Social concerns of teens can affect academic success
By Kim Buckley, NewsNetNebraska
The social life of teenagers play a role in how well high school students do academically, a sociologist said during a lecture at the University of Nebraska-Lincoln on Wednesday.
Robert Crosnoe, from the University of Texas at Austin, said social pressure can negatively impact teen development.
“High school is the prime real estate of teen development,” he said.
Crosnoe researched teens and bullying by interviewing high school students. He then published his findings in the book “Fitting In, Standing Out: Navigating the Social Challenges of High School to Get an Education.”
During the lecture, Crosnoe talked about the different reasons why some teens are ostracized. They are pressured to fit in, he said, indirectly affecting whether they go to college.
Crosnoe said his research found that the odds of going to college decreased as the number of feelings of not fitting in increased.
The experiences teens have affect what courses they enroll in high schools, he said. If they have a problem, then they might do badly in a course or not advance to the next level of the course. It’s the affect on academic progress in high school that decreases the odds of going to college, Crosnoe said.
“People are really quick to dismiss the social concerns of high school students, and I’m just trying to say that one reason why those social concerns shouldn’t be dismissed is because they do affect the academic bottom line of high school,” he said.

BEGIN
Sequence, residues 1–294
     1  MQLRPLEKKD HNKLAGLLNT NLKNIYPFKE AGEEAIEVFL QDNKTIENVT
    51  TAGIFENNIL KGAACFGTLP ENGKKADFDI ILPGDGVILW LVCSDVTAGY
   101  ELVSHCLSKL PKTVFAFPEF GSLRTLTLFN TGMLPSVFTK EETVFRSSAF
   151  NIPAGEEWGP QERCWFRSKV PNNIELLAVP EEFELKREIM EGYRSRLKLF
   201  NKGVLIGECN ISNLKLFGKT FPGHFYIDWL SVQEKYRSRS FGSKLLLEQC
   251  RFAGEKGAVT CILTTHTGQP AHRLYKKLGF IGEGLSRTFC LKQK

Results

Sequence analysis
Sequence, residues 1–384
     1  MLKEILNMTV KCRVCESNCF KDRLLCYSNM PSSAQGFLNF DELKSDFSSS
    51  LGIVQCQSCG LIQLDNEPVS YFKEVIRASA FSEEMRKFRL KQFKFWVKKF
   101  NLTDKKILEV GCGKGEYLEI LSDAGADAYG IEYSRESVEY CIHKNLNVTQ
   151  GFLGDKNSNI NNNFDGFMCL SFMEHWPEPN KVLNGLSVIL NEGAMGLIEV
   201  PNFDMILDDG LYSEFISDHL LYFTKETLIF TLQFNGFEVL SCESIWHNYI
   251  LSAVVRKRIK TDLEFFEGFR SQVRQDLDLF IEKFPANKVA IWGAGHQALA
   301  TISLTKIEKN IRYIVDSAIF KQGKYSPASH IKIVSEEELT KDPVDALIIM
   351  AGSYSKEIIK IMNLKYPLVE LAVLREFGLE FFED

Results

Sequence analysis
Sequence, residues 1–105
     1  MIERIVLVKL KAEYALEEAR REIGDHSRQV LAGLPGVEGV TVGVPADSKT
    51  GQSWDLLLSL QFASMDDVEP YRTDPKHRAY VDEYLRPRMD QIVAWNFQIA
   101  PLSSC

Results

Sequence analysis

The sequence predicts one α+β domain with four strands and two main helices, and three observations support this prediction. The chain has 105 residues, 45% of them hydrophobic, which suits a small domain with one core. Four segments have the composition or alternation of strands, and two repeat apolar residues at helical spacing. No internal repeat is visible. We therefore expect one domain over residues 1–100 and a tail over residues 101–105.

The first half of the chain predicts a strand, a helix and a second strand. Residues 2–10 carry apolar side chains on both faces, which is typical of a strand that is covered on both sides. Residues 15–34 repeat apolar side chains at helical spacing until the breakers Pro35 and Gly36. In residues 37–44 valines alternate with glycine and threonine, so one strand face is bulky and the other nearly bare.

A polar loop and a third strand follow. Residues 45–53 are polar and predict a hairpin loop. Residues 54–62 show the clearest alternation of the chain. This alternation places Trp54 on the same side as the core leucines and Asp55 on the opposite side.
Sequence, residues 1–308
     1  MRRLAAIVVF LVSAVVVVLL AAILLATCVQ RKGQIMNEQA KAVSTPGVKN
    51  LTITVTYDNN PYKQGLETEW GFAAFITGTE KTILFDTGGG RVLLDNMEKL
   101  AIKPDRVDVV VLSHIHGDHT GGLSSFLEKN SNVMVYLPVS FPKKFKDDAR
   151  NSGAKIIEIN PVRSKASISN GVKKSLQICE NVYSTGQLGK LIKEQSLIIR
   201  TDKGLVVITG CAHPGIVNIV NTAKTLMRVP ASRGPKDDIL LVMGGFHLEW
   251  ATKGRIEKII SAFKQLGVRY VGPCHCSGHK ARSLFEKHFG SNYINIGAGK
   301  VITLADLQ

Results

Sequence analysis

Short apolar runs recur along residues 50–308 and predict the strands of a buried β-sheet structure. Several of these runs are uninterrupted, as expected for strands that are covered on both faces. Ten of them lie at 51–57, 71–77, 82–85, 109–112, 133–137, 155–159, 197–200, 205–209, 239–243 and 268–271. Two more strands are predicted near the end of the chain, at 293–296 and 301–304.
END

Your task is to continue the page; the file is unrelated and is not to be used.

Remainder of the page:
High school experiences could also impact how prepared they were to do well academically in college, Crosnoe added.
“That is one case of when even though you’re past high school, you’re past all of that, it can still be affecting you right now,” he said.
During the lecture, Crosnoe also talked about teens and identity. He said teenagers also tend to look to social influences to figure out their identities.
“As they grow up, they become less likely to do that and so when they go to college, they grow out of that,” Crosnoe said.
These experiences could affect how college students approach relationships and connections, he said. Crosnoe said there is evidence there is a legacy of high school experiences on social interactions throughout life, but it’s not as bad as in high school.
“By-and-large they do fine,” he added.
However, for teenagers, Crosnoe said that you can’t talk to them about identity without talking about their friends.
“It’s hard to talk to teens about their friends because they tend to romanticize their friendships,” he said.
Despite that, Crosnoe said that he doesn’t think that teenagers are mindless followers.
Teenagers are also taking advantage of social media in their quest to find their identities, Crosnoe said.
Facebook is a way of connecting and managing your identity, he said, adding that it is relatively safe place to try on different personas and see what sticks. For instance, they can try on a persona and get feedback from their friends.
“It’s all about identity and not social connections, no matter what they say,” he said.
Here are some highlights from the event.